3.22 code -- Interpreter base classes

The code module provides facilities to implement read-eval-print loops in Python. Two classes and convenience functions are included which can be used to build applications which provide an interactive interpreter prompt.

class InteractiveInterpreter([locals])
This class deals with parsing and interpreter state (the user's namespace); it does not deal with input buffering or prompting or input file naming (the filename is always passed in explicitly). The optional locals argument specifies the dictionary in which code will be executed; it defaults to a newly created dictionary with key '__name__' set to '__console__' and key '__doc__' set to None.

class InteractiveConsole([locals[, filename]])
Closely emulate the behavior of the interactive Python interpreter. This class builds on InteractiveInterpreter and adds prompting using the familiar sys.ps1 and sys.ps2, and input buffering.

interact([banner[, readfunc[, local]]])
Convenience function to run a read-eval-print loop. This creates a new instance of InteractiveConsole and sets readfunc to be used as the raw_input() method, if provided. If local is provided, it is passed to the InteractiveConsole constructor for use as the default namespace for the interpreter loop. The interact() method of the instance is then run with banner passed as the banner to use, if provided. The console object is discarded after use.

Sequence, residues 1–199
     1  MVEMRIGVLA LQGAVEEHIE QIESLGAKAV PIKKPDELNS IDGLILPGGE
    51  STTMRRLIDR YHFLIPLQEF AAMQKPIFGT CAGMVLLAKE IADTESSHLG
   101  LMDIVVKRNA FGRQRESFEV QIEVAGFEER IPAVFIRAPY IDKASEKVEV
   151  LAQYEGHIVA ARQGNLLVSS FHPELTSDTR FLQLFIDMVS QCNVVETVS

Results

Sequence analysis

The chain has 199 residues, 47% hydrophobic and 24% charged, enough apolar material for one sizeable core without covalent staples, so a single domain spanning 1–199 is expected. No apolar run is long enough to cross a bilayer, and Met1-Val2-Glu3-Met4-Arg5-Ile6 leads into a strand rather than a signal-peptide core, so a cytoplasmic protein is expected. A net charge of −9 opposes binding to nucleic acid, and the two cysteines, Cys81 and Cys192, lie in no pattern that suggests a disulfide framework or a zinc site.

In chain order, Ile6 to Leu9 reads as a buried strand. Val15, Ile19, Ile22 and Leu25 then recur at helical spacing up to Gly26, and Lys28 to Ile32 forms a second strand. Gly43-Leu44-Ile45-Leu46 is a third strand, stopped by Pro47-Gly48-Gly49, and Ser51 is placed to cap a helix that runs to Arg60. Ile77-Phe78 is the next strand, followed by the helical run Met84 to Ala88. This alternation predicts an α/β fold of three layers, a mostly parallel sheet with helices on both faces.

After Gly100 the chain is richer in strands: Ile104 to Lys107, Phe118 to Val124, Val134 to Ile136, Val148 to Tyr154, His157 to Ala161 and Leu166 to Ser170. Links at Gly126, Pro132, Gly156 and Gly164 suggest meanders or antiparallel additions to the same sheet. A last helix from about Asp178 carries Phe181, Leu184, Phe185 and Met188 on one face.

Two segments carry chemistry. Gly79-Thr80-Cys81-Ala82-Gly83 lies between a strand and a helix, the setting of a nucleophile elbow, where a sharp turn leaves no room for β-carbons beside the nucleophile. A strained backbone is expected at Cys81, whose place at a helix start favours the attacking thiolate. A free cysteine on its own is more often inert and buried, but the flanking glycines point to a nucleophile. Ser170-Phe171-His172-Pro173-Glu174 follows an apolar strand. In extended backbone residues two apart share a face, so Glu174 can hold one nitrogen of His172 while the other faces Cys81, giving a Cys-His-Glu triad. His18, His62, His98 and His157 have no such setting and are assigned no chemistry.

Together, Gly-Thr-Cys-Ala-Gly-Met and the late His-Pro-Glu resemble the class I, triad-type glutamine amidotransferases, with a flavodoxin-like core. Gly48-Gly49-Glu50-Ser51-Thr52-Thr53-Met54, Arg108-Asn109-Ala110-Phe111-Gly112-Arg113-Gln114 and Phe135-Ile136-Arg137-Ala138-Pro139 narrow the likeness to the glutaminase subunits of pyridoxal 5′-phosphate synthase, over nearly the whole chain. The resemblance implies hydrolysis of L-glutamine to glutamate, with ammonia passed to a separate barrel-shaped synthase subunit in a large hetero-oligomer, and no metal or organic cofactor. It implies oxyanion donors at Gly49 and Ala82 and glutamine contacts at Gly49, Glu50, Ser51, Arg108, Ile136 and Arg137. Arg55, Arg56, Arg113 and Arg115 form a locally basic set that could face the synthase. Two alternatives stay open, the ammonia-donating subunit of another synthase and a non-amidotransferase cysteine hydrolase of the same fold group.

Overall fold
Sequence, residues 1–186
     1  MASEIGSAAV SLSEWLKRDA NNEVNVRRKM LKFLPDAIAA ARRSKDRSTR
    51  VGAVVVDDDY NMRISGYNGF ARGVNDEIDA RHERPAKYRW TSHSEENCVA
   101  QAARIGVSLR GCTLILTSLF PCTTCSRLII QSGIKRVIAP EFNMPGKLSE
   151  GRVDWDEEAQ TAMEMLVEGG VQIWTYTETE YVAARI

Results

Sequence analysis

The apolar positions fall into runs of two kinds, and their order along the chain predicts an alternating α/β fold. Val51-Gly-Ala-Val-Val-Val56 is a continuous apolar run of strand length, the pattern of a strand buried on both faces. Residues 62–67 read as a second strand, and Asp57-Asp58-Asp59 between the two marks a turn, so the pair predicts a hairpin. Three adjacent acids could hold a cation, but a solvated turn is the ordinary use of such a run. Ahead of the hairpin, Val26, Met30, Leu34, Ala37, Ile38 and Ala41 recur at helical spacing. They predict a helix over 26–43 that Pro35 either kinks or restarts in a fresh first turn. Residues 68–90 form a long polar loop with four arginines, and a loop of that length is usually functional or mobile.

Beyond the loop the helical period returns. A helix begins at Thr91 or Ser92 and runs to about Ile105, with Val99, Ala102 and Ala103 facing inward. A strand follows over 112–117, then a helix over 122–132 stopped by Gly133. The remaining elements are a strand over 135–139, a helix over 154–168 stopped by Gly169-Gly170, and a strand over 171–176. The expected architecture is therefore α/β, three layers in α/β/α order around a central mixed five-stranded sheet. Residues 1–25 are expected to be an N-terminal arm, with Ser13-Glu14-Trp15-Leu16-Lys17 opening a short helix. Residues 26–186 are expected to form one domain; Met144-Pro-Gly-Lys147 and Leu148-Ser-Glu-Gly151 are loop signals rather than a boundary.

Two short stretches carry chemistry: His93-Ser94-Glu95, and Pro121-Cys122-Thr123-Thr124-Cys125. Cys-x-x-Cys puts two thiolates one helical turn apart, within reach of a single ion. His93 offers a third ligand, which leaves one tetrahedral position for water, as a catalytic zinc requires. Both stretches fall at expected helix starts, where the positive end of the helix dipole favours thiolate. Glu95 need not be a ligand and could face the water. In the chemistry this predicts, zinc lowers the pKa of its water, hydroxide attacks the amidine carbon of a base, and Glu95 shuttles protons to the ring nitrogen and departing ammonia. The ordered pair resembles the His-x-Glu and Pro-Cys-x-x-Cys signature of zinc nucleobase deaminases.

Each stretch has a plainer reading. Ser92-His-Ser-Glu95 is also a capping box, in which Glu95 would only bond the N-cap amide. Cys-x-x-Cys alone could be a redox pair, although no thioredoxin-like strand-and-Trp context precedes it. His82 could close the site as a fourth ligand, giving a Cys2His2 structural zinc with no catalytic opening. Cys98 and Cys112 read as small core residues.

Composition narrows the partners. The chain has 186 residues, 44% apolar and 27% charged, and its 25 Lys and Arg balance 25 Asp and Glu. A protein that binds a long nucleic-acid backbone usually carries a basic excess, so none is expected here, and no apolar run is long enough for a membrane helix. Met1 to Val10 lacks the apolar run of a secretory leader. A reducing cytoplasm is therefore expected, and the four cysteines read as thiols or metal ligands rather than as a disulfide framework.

compile_command(source[, filename[, symbol]])
This function is useful for programs that want to emulate Python's interpreter main loop (a.k.a. the read-eval-print loop). The tricky part is to determine when the user has entered an incomplete command that can be completed by entering more text (as opposed to a complete command or a syntax error). This function almost always makes the same decision as the real interpreter main loop.

source is the source string; filename is the optional filename from which source was read, defaulting to '<input>'; and symbol is the optional grammar start symbol, which should be either 'single' (the default) or 'eval'.

Returns a code object (the same as compile(source, filename, symbol)) if the command is complete and valid; None if the command is incomplete; raises SyntaxError if the command is complete and contains a syntax error, or raises OverflowError if the command includes a numeric constant which exceeds the range of the appropriate numeric type.

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